Much of the suspect’s background would be excluded from court as irrelevant and prejudicial. But Wood says the discoveries motivated him to fight back hard against what he considered a blatantly distorted activist narrative.

“I decided we were going to be very vocal in our defense,” he says. “The gloves had to come off. I just was not going to let the protesters and the media run amok saying Betty shot some innocent guy with his hands up.”

PUSHING BACK

As co-counsel, Wood recruited Shannon McMurray, a Tulsa criminal defense attorney with “a reputation for being extremely aggressive and zealous in representing clients.” She enthusiastically embraced the strategy of high-visibility pushback.

One Saturday Wood locked himself in his office and “completely filled a whiteboard with factual information I wanted to bring out.” In one three-day period, he gave interviews to nearly 30 local and national tv and print outlets. And he put together a PowerPoint presentation on the case that the local FOP posted on social media.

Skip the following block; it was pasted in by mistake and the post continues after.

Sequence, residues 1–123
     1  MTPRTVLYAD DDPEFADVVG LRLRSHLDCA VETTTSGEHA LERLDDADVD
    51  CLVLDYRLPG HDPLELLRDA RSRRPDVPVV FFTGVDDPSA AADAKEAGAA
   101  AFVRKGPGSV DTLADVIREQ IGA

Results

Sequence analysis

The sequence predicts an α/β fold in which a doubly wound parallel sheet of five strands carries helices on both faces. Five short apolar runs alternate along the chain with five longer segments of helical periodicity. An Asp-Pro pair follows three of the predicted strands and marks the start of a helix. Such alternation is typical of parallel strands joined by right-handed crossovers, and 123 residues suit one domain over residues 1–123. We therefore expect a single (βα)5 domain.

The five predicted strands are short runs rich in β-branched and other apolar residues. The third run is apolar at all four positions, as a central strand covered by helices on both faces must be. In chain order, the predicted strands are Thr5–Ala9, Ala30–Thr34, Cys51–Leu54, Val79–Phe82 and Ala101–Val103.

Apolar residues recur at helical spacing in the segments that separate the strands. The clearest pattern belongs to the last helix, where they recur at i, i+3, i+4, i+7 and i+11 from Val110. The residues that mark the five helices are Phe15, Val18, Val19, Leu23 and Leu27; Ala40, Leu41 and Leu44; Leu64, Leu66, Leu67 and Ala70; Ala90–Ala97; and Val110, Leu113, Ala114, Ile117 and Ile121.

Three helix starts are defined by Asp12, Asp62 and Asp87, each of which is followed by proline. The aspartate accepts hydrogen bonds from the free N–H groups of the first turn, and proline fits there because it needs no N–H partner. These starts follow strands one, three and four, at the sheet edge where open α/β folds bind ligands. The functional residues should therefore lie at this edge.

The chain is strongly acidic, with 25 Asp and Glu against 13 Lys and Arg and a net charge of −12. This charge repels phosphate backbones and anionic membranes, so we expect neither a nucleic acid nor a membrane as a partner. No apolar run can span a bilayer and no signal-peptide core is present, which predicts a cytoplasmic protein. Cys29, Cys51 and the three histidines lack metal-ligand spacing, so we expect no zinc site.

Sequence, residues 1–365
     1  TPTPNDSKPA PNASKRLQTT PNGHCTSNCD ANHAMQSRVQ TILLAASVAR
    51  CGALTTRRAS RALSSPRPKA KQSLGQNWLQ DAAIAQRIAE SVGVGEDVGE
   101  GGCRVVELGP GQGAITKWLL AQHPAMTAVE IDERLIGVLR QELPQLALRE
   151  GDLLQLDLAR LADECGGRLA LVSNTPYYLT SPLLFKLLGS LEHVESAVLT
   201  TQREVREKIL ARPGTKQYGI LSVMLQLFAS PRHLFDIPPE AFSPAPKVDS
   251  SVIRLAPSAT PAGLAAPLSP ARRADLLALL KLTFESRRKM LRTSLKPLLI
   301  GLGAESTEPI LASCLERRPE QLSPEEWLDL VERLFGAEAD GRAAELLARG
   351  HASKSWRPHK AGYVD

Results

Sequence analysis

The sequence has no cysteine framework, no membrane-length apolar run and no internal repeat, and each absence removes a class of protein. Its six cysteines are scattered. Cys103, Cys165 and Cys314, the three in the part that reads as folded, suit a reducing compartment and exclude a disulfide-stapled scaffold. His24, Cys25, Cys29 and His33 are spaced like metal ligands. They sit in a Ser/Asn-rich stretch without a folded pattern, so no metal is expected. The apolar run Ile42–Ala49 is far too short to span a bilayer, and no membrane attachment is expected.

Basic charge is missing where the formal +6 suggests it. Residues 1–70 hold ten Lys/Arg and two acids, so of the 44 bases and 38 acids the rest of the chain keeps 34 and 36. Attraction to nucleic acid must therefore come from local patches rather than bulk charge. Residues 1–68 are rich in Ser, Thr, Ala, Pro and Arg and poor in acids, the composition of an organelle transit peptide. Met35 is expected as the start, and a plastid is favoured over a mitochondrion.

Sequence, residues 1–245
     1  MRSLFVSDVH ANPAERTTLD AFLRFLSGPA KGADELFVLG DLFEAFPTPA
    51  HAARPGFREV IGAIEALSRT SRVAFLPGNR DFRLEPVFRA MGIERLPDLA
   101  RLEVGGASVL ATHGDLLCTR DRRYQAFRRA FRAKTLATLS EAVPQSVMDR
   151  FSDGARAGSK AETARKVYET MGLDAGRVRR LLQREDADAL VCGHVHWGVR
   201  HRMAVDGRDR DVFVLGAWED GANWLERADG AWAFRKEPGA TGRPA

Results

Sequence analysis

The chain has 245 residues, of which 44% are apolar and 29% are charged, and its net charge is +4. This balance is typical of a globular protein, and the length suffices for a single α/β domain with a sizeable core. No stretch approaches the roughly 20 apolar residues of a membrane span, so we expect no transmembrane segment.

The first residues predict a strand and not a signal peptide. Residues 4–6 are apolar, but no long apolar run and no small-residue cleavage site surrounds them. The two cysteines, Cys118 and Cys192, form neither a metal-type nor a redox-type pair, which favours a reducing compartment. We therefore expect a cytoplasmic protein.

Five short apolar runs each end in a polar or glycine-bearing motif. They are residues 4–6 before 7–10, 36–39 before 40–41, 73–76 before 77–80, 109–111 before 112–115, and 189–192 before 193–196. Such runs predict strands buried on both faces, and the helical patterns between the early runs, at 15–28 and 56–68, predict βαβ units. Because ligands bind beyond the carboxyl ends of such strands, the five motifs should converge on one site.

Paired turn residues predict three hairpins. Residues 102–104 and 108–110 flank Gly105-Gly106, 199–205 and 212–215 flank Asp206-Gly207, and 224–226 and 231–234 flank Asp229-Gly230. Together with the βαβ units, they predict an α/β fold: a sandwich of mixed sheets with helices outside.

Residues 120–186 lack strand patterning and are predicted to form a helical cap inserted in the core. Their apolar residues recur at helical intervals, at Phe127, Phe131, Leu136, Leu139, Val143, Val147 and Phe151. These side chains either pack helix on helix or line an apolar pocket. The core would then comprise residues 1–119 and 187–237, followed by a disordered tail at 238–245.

“You couldn’t go anywhere in Tulsa and not hear people talking about the shooting,” he says. “Looking ahead to a jury, we needed to be part of that.”

In a particularly dicey move, Wood and McMurray agreed to let Shelby be interviewed on 60 Minutes, known for its take-no-prisoners exposes. The crew took a full day to film the segment. Wood chuckles at the memory of McMurray pulling a producer aside and telling him, “If you screw us on this, I’ll personally come to New York and make your life holy [expletive] hell.”

When the piece aired, it included footage of the suspect’s twin sister bitterly condemning Shelby for shooting, and host Bill Whittaker’s tone and language at times conveyed skepticism about the officer’s perceptions.

But Shelby had generous airtime in which she gave a detailed account of the confrontation from her perspective. “She showed her composure and stability and offered a rational justification for her actions, which is what we wanted,” Wood says.

TRIAL RUNS

While working to maintain visibility in the court of public opinion, behind the scenes the two attorneys prepared for the court of law, where Shelby’s freedom would be at stake.

In analyzing the circumstances of the shooting and crafting points they needed to address at trial, two key consultants they conferred with closely were Dr. Bill Lewinski of the Force Science Institute and another seasoned use-of-force expert, Jim Clark, former legal section chair for the National Tactical Officers Assn.